Stable reduction of STARD4 alters cholesterol regulation and lipid homeostasis.

TitleStable reduction of STARD4 alters cholesterol regulation and lipid homeostasis.
Publication TypeJournal Article
Year of Publication2020
AuthorsIaea DB, Spahr ZR, Singh RK, Chan RB, Zhou B, Bareja R, Elemento O, Di Paolo G, Zhang X, Maxfield FR
JournalBiochim Biophys Acta Mol Cell Biol Lipids
Date Published2020 04
KeywordsBiological Transport, Cell Line, Tumor, Cell Membrane, Cholesterol, Endocytosis, Humans, Lipid Metabolism, Lipidomics, Membrane Transport Proteins, RNA Interference, RNA, Small Interfering

STARD4, a member of the evolutionarily conserved START gene family, is a soluble sterol transport protein implicated in cholesterol sensing and maintenance of cellular homeostasis. STARD4 is widely expressed and has been shown to transfer sterol between liposomes as well as organelles in cells. However, STARD4 knockout mice lack an obvious phenotype, so the overall role of STARD4 is unclear. To model long term depletion of STARD4 in cells, we use short hairpin RNA technology to stably decrease STARD4 expression in human U2OS osteosarcoma cells (STARD4-KD). We show that STARD4-KD cells display increased total cholesterol, slower cholesterol trafficking between the plasma membrane and the endocytic recycling compartment, and increased plasma membrane fluidity. These effects can all be rescued by transient expression of a short hairpin RNA-resistant STARD4 construct. Some of the cholesterol increase was due to excess storage in late endosomes or lysosomes. To understand the effects of reduced STARD4, we carried out transcriptional and lipidomic profiling of control and STARD4-KD cells. Reduction of STARD4 activates compensatory mechanisms that alter membrane composition and lipid homeostasis. Based on these observations, we propose that STARD4 functions as a critical sterol transport protein involved in sterol sensing and maintaining lipid homeostasis.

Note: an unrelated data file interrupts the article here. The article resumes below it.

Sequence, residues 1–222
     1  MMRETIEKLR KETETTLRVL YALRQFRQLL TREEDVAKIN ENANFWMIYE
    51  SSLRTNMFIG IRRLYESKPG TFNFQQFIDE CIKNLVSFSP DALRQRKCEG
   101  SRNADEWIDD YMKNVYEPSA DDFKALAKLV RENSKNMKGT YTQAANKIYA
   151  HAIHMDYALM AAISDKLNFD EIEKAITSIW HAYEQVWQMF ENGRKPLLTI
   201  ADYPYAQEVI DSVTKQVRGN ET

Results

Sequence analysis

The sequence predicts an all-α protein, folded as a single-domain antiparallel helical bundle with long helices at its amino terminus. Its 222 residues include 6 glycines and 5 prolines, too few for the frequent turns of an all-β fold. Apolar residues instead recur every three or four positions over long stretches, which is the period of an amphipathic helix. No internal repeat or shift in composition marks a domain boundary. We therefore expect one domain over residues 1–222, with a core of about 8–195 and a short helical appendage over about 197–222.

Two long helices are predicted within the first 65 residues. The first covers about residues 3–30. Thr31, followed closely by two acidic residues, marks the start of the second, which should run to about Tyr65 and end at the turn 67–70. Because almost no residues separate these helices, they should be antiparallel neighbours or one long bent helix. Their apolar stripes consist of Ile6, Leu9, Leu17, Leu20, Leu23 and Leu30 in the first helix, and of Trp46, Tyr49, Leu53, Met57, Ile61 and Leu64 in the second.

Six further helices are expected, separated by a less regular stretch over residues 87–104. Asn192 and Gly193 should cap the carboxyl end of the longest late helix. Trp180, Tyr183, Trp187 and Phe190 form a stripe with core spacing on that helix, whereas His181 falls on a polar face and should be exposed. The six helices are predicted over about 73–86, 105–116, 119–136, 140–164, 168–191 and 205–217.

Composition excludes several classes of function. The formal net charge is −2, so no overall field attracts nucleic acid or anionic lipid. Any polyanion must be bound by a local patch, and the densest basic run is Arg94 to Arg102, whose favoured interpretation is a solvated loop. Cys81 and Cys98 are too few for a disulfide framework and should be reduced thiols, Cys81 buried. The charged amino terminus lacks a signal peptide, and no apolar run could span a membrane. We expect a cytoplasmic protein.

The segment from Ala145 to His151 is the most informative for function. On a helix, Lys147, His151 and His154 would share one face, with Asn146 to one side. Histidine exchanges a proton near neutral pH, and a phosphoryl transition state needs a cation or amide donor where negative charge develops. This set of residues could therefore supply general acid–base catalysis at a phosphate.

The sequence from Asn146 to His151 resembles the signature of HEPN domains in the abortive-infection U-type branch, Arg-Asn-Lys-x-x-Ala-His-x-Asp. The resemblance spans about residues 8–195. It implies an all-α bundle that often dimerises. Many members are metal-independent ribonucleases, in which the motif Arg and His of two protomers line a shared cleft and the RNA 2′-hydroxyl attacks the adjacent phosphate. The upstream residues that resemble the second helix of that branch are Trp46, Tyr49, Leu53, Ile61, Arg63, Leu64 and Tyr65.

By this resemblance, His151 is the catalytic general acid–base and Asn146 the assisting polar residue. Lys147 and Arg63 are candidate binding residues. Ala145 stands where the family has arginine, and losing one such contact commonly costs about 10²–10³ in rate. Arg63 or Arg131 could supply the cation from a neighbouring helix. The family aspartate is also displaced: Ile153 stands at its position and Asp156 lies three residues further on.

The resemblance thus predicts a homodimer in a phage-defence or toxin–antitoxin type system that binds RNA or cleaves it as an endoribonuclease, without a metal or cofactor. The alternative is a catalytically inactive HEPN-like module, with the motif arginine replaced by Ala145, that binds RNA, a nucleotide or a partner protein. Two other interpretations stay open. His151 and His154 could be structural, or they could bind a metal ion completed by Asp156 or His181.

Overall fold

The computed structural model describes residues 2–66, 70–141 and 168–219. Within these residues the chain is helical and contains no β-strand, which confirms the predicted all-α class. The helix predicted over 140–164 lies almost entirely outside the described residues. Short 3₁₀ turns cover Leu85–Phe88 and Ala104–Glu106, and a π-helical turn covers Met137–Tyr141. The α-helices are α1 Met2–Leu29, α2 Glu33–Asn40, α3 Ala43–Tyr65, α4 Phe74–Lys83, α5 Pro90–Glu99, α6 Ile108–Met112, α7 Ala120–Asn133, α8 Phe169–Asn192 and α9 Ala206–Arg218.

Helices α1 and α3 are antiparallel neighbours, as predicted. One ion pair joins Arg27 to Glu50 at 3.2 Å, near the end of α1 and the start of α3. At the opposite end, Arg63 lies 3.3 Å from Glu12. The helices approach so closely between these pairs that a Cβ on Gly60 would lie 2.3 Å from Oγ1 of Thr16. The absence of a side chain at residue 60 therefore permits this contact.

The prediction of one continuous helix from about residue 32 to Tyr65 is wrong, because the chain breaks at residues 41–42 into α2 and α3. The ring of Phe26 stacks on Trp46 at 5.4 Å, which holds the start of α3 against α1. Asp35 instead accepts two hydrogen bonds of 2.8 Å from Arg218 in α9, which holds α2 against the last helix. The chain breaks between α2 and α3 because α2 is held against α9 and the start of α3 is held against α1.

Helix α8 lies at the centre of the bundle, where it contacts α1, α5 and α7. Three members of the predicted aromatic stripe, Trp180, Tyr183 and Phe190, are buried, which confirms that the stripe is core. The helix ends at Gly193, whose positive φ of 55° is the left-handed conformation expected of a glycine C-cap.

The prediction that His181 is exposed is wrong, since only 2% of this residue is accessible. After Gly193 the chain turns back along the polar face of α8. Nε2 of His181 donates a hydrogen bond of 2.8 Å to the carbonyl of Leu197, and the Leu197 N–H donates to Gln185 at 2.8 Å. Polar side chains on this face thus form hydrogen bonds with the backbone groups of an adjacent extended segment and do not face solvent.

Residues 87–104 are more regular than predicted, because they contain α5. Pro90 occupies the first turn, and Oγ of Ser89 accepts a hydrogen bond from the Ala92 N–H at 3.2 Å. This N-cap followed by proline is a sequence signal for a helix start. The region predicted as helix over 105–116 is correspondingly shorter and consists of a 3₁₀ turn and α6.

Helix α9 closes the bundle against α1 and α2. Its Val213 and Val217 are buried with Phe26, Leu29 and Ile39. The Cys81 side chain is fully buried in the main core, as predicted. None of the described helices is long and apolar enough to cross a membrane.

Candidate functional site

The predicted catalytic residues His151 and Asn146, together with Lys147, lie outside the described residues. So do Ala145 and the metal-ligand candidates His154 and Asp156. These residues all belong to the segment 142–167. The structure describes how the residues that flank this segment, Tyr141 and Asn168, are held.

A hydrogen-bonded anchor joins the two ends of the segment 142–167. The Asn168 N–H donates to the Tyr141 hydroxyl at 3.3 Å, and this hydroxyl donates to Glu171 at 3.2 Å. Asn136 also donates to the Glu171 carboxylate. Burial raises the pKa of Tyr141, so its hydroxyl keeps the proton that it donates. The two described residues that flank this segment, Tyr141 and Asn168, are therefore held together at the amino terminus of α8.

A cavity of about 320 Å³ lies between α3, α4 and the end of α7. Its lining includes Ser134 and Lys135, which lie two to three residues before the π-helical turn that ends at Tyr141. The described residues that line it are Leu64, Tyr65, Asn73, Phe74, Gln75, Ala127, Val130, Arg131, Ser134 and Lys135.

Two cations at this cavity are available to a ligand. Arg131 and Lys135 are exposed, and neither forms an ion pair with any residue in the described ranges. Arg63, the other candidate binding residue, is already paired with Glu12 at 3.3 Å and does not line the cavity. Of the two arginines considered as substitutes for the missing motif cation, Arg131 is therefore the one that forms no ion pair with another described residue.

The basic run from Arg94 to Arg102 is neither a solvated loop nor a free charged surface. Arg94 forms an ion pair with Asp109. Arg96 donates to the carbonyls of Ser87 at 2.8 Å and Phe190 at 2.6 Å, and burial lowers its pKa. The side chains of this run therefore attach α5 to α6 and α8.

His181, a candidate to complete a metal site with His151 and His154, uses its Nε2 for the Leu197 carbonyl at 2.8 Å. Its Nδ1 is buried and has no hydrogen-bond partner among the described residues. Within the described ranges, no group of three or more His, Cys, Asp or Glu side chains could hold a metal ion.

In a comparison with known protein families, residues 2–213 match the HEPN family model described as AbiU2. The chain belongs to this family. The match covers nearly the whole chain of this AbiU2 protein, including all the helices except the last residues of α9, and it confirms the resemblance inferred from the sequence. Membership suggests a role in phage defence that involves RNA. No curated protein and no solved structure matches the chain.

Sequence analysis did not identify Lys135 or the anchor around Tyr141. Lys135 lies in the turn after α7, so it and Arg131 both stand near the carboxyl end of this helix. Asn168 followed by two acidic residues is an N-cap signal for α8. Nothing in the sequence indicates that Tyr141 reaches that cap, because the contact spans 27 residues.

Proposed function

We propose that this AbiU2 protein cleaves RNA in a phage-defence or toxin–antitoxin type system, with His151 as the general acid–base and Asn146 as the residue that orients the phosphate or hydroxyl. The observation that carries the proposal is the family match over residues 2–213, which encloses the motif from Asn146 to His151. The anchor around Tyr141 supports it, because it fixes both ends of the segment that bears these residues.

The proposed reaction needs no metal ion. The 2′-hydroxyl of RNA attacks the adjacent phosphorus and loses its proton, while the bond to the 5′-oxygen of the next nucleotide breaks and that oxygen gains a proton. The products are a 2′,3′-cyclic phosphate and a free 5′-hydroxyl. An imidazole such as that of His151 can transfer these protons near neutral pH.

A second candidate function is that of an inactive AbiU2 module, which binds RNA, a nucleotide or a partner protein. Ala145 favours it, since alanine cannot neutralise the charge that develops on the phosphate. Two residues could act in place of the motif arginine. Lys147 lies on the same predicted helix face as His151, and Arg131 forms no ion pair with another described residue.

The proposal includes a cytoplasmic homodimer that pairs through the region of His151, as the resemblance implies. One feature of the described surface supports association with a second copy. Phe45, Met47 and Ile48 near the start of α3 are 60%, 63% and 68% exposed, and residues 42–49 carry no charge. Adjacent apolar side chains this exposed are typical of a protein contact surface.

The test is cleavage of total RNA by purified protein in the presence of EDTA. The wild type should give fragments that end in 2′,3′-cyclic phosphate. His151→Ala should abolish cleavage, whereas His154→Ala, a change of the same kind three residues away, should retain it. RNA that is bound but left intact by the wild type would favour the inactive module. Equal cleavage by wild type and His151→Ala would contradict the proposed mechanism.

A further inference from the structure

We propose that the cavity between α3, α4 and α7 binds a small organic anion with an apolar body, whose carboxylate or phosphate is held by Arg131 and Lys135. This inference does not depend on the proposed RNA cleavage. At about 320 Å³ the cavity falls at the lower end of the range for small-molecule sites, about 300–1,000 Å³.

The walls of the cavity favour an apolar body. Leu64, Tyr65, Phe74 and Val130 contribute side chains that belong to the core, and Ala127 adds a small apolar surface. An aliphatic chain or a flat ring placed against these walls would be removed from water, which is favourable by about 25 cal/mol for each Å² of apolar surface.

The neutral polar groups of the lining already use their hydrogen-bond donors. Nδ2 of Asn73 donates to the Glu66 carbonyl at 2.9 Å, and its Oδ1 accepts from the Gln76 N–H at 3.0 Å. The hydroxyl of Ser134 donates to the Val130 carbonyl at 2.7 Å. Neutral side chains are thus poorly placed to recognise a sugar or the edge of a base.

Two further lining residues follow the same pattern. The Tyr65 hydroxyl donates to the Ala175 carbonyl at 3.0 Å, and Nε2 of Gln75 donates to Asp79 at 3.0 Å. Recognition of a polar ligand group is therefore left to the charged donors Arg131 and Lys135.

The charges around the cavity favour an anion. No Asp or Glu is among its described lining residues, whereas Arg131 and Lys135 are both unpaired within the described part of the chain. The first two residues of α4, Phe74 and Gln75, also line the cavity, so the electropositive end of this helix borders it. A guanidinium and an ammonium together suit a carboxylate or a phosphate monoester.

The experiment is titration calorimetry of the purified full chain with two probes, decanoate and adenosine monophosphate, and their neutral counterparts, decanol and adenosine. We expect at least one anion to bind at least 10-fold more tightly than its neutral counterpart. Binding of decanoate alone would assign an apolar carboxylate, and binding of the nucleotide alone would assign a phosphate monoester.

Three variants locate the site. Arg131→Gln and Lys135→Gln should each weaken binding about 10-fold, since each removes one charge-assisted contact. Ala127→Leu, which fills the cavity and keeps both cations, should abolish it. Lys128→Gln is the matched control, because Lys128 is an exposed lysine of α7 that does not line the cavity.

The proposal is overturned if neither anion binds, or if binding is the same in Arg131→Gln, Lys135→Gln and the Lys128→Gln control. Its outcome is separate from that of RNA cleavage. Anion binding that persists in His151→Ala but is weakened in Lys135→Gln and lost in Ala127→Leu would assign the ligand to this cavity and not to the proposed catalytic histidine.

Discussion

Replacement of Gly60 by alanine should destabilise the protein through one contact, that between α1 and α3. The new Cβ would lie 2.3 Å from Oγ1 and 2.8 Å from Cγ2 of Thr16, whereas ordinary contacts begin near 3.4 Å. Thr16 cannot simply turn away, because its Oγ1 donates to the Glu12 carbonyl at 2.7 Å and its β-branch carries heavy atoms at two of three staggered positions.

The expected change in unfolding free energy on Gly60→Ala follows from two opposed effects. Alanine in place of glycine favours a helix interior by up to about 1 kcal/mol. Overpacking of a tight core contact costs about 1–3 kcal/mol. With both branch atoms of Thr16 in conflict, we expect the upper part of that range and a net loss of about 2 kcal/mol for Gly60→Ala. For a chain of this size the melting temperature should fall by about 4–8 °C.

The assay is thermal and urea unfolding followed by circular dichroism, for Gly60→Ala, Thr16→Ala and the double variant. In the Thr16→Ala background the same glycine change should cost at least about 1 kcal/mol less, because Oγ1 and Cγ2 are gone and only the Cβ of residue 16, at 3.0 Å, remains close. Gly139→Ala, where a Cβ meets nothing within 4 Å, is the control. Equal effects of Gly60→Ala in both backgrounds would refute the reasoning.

Alternate JournalBiochim Biophys Acta Mol Cell Biol Lipids
PubMed ID31917335
PubMed Central IDPMC6996790
Grant ListF31 DK104631 / DK / NIDDK NIH HHS / United States
R01 CA194547 / CA / NCI NIH HHS / United States
R01 GM123462 / GM / NIGMS NIH HHS / United States
R01 NS056049 / NS / NINDS NIH HHS / United States